Do you know the cost of a typical sales call in terms of real dollars and cents? More importantly, do your salespeople know the cost of a sales call?
I suspect that if salespeople realized the real cost of making a sales call they might be more careful about how they spend their time and who they spend it with. I mean it just doesn’t make sense to make a sales call that costs say $400 to sell a product or service that costs half as much – $200 – does it? Yet, that’s the kind of thing that’s going on day after day. In fact a lot of people are making $400 sales calls and not selling a thing!
Is It Happening to You?
It’s fairly easy to figure out what a typical sales call is costing you if you keep reasonable sales records.
You simply calculate the salesperson’s costs by totalling his or her compensation, benefits, and travel-and-entertainment expenses and divide that amount by the number of sales calls he or she made over the past month, quarter, or year. While the costs are usually easy to find out, the one piece of information that may be missing is the actual number of calls your salespeople are making. You may need to have your people turn in their numbers every day or week until you’ve got enough to work with. You’re looking for the total number of face-to-face calls your people made, not just “sales calls.” If all else fails, you may have to make an educated guess at this number.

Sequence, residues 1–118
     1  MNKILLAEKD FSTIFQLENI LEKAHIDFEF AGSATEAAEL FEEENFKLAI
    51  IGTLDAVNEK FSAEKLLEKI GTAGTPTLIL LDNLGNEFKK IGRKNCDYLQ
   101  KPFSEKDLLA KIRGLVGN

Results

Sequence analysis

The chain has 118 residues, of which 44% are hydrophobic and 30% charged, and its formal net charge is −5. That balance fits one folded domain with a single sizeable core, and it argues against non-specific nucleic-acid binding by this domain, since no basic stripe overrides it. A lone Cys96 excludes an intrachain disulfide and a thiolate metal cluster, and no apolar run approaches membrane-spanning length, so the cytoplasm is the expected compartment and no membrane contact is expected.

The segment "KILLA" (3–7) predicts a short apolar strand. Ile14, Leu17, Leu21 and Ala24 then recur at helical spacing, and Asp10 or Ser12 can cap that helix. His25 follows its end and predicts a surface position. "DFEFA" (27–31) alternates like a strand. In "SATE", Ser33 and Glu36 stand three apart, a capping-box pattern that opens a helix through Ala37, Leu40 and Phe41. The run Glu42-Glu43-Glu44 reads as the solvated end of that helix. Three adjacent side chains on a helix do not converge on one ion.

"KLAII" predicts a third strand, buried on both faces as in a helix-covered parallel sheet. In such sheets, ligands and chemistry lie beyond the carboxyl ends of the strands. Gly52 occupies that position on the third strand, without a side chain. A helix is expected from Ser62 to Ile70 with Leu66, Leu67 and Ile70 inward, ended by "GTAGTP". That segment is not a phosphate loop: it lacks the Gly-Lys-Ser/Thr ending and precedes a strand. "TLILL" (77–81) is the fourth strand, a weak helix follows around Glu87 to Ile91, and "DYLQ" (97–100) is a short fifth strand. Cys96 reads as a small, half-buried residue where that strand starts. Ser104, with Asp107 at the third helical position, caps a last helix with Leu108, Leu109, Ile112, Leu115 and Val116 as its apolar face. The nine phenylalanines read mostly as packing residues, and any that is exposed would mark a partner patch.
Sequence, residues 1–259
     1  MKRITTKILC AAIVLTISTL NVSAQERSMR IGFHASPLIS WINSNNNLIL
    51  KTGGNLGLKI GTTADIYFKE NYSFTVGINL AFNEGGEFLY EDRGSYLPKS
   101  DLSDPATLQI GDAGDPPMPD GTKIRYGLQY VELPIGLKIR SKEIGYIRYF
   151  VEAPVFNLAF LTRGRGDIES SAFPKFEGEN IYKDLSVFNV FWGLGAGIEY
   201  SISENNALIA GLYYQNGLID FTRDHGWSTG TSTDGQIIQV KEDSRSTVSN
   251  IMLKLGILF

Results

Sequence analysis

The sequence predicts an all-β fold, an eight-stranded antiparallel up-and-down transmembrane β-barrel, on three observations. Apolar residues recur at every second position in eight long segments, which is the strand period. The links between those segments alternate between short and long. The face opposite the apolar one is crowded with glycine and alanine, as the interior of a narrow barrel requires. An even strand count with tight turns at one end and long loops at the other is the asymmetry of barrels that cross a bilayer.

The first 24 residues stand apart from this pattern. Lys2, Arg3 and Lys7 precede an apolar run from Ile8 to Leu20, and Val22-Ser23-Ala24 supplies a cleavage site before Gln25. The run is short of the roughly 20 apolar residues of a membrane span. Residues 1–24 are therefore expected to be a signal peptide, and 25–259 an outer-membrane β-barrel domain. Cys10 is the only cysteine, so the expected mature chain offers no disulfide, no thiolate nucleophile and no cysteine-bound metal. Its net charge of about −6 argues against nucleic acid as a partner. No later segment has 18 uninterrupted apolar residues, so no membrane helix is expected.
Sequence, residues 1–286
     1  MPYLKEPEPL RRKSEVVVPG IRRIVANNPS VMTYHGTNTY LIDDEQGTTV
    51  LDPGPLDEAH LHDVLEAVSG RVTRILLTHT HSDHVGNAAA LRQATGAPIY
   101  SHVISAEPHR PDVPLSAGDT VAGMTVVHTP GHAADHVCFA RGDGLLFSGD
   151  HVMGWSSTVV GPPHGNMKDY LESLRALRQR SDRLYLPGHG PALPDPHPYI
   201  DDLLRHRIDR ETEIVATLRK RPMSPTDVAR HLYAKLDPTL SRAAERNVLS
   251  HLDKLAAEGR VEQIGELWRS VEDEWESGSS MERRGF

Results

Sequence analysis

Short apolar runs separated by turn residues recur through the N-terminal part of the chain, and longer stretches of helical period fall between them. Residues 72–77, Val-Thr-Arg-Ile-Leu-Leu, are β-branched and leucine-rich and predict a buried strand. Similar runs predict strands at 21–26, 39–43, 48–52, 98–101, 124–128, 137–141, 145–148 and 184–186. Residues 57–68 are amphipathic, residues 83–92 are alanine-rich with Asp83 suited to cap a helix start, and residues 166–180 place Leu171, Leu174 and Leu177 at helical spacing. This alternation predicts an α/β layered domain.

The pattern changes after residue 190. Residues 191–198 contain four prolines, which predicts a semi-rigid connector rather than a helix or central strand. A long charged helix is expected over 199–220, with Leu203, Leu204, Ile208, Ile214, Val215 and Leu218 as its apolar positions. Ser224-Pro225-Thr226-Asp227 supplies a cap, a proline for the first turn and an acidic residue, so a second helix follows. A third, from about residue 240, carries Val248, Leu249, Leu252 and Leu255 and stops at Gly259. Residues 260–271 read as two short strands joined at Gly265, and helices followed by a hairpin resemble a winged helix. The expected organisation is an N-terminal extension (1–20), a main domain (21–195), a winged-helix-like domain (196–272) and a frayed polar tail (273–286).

What Are You Paying For?
You want to be sure your people are making calls with a purpose and hopefully that purpose is to start, advance, or close a sales opportunity. That’s what they’re getting paid to do.
Of course, all the calls in the world aren’t worth dust unless sales are being made. You need to balance the cost of a sales call against sales results. If sales are roaring in, you can be less concerned about your cost of a sales call but don’t get complacent. Keep your financial finger on the pulse of your sales team.
Tell the Troops
Once you’ve gone through this exercise, I recommend that you let your salespeople know what it’s costing you to have them make calls. I’m not suggesting you do this to intimidate them. Don’t use the information as a club, use it as a tool. The primary purpose for telling them is to create awareness among the team that their time and effort has a dollar value associated with it.
The average salesperson might find the numbers interesting but won’t know what to do about it. Some won’t care. But the smart ones will think twice before making a call without setting a call objective.
The smart ones will make every call count and that’s what you’re looking for.
Now your challenge is to hire and/or develop a bunch of smart ones!
For more information on this topic, please refer to The Right Skills.
Salesforce Training & Consulting is a professional sales training firm and registered Salesforce.com Consulting Partner based in Toronto, with offices in Boston and Chicago, providing sales coaching, sales management consulting, salesforce implementation, sales training and sales personnel assessments.